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Packages as layers, not groups
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Four years ago, I wrote an article called Standard Package Layout that tried to address one of the most difficult topics for even advanced Go developers: package layout. However, most developers still struggle with organizing their code into a directory structure that will grow gracefully with their application. Nearly all

Ben Johnson
Ben Johnson

Introducing WTF Dial (again)
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A blog series where we build and deploy a real-world Go application.

Ben Johnson
Ben Johnson
WTF Dial

The Go Object Lifecycle
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Despite such a simple language, Go developers have found a surprising number of ways to create and use objects. In this post we’ll look at a 3-step approach to object management—instantiation, initialization, & initiation. We’ll also contrast this with other methodologies for creating and using objects and

Ben Johnson
Ben Johnson
Application Design

Failure is your Domain
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Go’s paradox is that error handling is core to the language yet the language doesn’t prescribe how to handle errors. Community efforts have been made to improve and standardize error handling but many miss the centrality of errors within our application’s domain. That is, your errors are

Ben Johnson
Ben Johnson
Application Design

Go Walkthrough: fmt
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In the last post we looked at fast, primitive encoding using strconv but in this post we’ll take a higher level approach by using templates with the fmt package. The fmt package builds on top of our knowledge of primitive formatting options but packages it in a way that’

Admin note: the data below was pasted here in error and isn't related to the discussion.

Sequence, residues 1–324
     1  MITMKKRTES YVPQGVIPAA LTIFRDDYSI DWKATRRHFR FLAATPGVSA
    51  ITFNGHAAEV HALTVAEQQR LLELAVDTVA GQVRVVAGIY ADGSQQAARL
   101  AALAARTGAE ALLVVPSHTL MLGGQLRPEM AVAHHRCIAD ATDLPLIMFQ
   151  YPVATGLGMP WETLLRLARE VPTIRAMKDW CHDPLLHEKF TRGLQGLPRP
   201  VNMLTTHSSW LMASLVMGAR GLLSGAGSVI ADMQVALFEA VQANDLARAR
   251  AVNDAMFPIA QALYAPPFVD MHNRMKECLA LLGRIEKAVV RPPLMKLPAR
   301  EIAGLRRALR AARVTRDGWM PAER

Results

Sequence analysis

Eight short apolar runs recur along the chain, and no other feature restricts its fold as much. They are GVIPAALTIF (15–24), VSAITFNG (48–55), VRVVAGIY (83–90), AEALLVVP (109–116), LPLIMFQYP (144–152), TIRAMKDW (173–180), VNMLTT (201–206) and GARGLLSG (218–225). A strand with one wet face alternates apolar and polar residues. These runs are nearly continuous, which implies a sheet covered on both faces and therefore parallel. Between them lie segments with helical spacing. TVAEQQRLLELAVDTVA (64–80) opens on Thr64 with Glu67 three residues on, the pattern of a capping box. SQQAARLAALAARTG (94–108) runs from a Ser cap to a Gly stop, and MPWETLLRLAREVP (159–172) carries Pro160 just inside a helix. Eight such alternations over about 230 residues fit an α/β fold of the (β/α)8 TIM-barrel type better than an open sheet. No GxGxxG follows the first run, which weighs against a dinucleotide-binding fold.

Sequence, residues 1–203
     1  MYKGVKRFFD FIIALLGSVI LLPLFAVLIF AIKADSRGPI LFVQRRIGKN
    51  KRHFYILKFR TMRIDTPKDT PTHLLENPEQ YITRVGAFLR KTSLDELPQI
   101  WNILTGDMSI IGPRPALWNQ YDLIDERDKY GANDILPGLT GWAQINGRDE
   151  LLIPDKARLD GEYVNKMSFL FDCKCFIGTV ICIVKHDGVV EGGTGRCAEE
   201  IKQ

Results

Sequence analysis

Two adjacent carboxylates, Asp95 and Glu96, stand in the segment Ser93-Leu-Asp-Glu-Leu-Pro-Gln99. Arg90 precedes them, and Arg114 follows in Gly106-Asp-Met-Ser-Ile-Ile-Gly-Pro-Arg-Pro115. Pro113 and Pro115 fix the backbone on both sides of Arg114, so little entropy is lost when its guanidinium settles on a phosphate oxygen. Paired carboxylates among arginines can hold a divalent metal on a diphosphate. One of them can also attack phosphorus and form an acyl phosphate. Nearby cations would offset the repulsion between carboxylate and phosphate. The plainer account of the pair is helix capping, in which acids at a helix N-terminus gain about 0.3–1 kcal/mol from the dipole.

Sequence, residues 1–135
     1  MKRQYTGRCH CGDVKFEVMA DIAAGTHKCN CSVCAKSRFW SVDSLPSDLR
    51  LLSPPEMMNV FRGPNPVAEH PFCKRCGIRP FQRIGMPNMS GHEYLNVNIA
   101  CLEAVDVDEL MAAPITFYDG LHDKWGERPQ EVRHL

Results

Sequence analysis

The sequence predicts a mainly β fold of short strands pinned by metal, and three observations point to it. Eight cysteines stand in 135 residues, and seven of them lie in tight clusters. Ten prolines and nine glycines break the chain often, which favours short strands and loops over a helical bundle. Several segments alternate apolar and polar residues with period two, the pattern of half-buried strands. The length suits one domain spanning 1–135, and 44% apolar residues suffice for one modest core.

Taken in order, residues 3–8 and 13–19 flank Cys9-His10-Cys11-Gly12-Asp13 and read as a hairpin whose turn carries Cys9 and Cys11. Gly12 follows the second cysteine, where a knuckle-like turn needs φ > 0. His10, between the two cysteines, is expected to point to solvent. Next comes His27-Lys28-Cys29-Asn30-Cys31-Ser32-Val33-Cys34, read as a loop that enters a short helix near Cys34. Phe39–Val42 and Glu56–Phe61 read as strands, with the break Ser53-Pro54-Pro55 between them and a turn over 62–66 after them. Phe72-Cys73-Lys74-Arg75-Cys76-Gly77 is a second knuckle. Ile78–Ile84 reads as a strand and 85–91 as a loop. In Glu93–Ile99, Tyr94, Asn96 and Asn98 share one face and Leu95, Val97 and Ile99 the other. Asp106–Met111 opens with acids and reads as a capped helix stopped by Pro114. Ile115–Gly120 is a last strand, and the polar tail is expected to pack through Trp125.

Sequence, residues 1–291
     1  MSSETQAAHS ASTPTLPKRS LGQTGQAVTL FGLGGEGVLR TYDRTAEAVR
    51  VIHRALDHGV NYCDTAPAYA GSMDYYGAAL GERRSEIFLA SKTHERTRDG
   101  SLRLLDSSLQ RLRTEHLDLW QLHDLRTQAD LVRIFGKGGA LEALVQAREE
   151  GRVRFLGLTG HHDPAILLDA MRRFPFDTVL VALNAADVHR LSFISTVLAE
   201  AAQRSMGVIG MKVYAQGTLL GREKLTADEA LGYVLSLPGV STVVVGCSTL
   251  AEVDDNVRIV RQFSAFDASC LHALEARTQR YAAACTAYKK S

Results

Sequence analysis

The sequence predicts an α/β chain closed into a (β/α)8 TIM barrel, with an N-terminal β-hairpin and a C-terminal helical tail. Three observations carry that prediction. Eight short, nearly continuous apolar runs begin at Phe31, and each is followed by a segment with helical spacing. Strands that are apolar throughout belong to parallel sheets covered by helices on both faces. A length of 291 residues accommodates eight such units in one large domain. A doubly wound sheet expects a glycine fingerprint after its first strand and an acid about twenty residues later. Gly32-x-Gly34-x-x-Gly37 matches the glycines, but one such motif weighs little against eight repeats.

Ben Johnson
Ben Johnson
Go Walkthrough

Go Walkthrough: strconv
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Formatting & parsing primitive values in Go is a common task. You probably first dipped your toes into the fmt package when you started Go, however, there’s a less commonly used package for basic formatting that’s more efficient and preserves compiler type checking. The strconv package is built

Ben Johnson
Ben Johnson
Go Walkthrough

Go Walkthrough: encoding/binary
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When you need to squeeze every last bit or CPU cycle out of your protocol, one of the best tools is the encoding/binary package. It operates on the lowest level and is built for working with binary protocols. We previously looked at using encoding/json for text-based protocols but

Ben Johnson
Ben Johnson
Go Walkthrough

Go Walkthrough: encoding/json
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For better or for worse, JSON is the encoding of the Internet. Its formal definition is small enough that you could write it on the back of a napkin but yet it can encode strings, numbers, booleans, nulls, maps, and arrays. Because of this simplicity, every language has a JSON

Ben Johnson
Ben Johnson
Go Walkthrough